For Raoul, the experience has been especially timely. “I feel like, on the surface, until last year, I was a really stereotypical male. … You know how you hear about men, they can’t deal with feelings or being in extreme emotional states. This last year, I’ve been, for the first time in my life, in really extreme emotional states. … I feel like art’s saving me again. … It’s just something so special that you can’t do, somehow, in your real life.”
The result, according to Erica, is both a document and an homage. “Confusion is not necessarily what we’re aiming for,” she said, “but to provide a multiplicity of experiences and encourage reflection on the men that we know in our lives, or that we may know, that are flawed and vulnerable, but also compassionate and try their best and sometimes fail, like we all do. It’s a very human thing, really. … I know some of the men who originally inspired the show and they’re just—not even some of the best men, they’re just some of the best people that I know, and have such a different experience of being male than the stereotypical experience is presented as. … I always think of the show as a real tribute to them.”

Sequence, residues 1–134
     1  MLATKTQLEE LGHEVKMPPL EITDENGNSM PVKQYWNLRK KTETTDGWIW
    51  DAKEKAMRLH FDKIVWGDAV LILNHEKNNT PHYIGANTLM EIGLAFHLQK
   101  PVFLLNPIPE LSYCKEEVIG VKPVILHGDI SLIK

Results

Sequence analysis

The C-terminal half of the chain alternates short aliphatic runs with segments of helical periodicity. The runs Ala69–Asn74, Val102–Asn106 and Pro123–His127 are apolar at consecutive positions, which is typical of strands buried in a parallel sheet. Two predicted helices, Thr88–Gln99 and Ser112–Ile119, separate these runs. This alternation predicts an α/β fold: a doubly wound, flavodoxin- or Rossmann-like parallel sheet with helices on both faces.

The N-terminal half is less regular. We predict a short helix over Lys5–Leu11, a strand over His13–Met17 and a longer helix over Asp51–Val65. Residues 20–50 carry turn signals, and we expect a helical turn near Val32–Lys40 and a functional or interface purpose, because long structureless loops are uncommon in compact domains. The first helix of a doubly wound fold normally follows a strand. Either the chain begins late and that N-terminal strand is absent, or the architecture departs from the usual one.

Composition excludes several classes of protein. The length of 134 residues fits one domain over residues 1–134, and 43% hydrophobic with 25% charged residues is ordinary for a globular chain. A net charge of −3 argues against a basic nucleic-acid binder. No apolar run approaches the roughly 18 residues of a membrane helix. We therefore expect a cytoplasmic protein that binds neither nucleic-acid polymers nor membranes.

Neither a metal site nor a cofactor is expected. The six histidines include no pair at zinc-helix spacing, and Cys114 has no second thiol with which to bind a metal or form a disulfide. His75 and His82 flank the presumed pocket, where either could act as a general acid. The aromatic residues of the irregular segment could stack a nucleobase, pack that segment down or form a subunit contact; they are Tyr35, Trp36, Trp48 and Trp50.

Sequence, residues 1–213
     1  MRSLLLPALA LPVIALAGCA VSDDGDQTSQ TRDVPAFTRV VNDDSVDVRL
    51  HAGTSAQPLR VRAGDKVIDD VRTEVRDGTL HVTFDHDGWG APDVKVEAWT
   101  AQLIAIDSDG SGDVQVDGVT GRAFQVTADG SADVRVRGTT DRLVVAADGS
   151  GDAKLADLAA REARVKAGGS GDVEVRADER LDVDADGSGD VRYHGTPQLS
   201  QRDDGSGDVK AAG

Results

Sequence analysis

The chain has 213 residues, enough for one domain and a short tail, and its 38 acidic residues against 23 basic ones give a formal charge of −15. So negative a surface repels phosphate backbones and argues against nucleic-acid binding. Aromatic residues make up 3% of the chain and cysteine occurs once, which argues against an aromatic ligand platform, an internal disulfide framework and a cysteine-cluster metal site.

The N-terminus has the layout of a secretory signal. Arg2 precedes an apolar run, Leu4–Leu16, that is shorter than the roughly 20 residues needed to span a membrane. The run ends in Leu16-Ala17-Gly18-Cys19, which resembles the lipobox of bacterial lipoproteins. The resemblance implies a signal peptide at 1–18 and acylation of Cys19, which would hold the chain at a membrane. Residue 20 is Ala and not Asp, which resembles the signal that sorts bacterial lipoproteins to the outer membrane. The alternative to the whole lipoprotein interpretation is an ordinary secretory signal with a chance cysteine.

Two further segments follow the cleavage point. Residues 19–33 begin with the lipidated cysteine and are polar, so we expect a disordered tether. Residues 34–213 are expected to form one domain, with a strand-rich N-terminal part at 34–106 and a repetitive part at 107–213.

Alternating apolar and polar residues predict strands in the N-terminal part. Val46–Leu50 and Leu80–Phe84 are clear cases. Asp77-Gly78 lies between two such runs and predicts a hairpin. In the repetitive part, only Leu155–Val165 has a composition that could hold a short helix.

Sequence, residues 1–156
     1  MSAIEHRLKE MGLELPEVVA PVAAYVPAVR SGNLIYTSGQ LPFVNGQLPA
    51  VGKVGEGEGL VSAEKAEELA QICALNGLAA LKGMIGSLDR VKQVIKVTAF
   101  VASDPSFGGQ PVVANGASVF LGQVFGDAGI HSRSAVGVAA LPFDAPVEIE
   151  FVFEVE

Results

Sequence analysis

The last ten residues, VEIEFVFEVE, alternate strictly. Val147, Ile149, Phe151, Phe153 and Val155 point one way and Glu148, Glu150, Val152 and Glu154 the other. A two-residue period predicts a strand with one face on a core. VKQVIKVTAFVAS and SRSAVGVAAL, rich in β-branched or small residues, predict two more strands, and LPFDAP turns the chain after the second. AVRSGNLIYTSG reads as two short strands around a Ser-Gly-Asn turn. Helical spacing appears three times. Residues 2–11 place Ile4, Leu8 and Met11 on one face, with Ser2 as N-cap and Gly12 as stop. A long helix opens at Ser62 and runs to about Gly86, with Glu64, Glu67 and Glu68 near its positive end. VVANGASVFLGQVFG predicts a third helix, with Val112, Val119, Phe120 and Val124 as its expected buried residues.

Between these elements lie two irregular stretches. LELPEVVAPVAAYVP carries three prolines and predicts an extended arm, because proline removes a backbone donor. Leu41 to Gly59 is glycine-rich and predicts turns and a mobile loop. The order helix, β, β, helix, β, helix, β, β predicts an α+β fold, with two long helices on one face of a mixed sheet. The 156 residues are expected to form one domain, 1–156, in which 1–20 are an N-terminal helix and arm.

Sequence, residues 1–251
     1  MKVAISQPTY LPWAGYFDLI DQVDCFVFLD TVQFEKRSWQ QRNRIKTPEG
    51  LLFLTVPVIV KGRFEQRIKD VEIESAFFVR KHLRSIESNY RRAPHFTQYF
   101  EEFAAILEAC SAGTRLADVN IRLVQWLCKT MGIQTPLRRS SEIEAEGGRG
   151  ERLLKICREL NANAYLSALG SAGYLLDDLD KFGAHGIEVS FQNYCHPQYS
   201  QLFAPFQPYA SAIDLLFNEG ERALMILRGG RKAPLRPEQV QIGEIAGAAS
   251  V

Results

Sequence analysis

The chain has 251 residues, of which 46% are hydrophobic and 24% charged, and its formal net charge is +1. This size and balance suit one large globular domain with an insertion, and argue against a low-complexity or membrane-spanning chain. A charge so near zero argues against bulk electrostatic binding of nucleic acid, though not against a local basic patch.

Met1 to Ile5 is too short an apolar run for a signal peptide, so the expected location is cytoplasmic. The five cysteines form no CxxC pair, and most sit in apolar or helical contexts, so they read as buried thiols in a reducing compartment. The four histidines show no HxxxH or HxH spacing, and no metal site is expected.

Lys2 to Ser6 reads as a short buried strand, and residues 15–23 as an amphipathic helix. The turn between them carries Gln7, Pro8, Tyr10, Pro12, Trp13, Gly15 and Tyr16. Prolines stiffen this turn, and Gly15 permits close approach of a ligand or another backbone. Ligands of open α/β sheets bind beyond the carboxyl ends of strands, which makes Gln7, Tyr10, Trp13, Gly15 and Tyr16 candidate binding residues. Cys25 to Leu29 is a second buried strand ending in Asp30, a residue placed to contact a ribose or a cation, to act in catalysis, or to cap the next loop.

“I want people to have conversations,” Chenoeh followed on, then catching herself. “No, no, I wouldn’t even put that onto people, because the couple of times that we’ve all sat down, and when we first got into a discussion on gender, when we actually had that discussion on the last day of our creative development, I was like, why am I even making a show about men? These men don’t even feel like they’re men. What does that mean?”
It seems to me a brave and important thing to find yourself in the midst of a project that is, as Chenoeh said, “not what I thought it was,” and embrace and delight in it. I wouldn’t be the first to suggest that it might be a fundamental condition of important endeavours: acknowledging uncertainty and working within it without trying to force it into false resolution.